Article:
There is a mechanistic view of investment commonly attributed to classical writers, from Smith to Marx. Josef Schumpeter summarizes this view: ‘the important thing was to have something to invest: the investment itself did not present additional problems either as to promptness — it was normally sure to be immediate — or as to direction — it was sure to be guided by investment opportunities that were equally obvious to all men’ (Schumpeter, 1954, p. 572; italics in original). The purpose of this chapter is to qualify the image of investment as automatic reaction. The discussion focuses on classical statements as to the motives behind the act. The first two sections are on the role this question plays in the ‘general glut’ debate between Ricardo and Malthus. The other two sections are on Marx’s explanation of investment. The common theme is that the various perspectives on investment rest on different assumptions as to what motivates individuals, and these assumptions fall beyond the conventional subject matter of economics.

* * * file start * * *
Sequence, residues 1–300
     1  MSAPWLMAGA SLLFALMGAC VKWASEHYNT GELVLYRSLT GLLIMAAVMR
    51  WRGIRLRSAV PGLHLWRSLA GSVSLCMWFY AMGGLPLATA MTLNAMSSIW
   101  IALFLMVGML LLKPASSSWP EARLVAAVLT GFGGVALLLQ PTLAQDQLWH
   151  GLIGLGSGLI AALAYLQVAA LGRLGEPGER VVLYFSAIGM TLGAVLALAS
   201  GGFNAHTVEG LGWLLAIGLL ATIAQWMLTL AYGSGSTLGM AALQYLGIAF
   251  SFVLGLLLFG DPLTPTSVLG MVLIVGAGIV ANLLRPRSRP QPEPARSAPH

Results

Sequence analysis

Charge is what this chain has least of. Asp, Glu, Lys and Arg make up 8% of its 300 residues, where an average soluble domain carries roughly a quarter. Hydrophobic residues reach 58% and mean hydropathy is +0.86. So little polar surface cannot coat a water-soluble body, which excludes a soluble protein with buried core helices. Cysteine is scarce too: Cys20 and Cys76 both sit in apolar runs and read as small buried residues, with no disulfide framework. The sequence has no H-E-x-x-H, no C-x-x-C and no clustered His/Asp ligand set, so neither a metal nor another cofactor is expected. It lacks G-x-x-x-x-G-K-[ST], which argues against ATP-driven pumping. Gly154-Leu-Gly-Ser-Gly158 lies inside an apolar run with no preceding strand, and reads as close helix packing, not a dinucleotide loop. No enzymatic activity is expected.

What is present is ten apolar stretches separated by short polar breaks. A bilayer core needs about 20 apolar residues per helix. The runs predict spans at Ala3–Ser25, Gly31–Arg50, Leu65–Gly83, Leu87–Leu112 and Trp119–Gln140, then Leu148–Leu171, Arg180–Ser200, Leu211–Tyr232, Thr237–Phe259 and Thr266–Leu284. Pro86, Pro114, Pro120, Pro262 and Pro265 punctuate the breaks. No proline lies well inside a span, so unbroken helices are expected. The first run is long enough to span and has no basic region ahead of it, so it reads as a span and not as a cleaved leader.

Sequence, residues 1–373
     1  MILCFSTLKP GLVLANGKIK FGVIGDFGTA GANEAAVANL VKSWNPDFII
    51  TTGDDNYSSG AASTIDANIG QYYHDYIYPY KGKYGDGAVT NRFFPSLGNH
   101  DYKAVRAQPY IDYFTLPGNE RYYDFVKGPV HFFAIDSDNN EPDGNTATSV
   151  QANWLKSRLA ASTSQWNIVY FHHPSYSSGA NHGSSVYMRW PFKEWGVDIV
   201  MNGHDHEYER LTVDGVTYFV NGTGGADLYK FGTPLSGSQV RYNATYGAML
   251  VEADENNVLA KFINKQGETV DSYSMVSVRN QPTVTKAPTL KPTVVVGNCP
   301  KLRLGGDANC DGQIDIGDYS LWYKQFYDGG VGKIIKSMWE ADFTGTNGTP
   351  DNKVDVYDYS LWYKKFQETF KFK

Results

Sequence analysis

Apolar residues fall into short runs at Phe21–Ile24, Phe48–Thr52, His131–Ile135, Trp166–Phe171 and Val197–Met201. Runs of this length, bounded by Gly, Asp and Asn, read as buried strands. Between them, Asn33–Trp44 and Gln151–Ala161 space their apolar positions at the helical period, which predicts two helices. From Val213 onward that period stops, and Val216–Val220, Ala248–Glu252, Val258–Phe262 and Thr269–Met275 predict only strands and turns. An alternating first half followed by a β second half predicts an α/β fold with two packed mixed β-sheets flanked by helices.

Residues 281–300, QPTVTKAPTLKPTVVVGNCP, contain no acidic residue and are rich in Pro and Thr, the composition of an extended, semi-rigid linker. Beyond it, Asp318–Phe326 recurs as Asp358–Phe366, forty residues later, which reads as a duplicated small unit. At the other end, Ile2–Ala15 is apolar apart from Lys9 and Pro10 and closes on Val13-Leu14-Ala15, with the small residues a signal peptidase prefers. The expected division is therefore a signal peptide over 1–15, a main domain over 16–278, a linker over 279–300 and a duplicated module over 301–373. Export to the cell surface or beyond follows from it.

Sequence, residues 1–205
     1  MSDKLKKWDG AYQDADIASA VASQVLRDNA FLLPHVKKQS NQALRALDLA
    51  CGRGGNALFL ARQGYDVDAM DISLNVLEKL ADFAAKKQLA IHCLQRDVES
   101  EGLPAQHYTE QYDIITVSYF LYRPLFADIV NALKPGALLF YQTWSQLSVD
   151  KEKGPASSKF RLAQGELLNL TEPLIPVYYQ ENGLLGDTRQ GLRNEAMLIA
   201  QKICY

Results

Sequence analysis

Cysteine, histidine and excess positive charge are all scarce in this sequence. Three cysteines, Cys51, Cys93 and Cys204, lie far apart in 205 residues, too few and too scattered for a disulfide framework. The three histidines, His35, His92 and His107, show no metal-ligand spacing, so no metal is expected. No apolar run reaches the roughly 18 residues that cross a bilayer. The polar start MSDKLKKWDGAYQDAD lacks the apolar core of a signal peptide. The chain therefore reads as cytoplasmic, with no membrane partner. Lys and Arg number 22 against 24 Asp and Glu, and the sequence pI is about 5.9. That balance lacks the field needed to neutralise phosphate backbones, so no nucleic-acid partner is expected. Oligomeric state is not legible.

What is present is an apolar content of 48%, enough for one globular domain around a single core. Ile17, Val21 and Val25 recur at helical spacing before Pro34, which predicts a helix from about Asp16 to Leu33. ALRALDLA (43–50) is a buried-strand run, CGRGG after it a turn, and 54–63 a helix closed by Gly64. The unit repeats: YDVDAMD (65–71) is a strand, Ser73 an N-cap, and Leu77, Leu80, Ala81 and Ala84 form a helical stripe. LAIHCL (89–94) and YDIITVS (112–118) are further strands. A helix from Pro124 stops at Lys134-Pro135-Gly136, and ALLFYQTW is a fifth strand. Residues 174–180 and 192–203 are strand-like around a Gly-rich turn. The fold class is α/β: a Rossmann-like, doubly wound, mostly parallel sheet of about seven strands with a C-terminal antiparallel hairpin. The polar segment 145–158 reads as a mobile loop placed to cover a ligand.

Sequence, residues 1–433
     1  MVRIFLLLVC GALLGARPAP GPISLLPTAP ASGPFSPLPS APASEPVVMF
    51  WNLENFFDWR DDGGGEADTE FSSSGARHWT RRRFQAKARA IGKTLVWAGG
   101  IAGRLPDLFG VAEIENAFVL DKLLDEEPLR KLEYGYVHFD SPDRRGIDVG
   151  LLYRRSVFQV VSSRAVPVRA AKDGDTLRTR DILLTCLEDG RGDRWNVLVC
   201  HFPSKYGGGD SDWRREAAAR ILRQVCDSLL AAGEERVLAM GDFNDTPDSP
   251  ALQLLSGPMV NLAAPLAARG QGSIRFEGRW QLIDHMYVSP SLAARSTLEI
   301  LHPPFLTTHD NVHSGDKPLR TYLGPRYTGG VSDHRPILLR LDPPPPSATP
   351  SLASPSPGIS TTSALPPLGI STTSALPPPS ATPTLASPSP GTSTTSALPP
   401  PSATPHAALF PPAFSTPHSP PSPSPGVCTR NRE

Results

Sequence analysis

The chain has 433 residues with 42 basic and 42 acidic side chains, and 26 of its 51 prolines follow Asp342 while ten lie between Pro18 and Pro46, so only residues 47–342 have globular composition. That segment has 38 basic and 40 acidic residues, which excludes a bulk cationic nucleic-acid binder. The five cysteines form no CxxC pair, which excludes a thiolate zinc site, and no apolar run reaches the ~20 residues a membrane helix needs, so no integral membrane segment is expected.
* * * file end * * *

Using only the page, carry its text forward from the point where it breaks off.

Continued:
Weitere Kapitel dieses Buchs durch Wischen aufrufen
- Classical Perspectives on Investment: An Exegesis of Behavioural Assumptions
- Palgrave Macmillan UK
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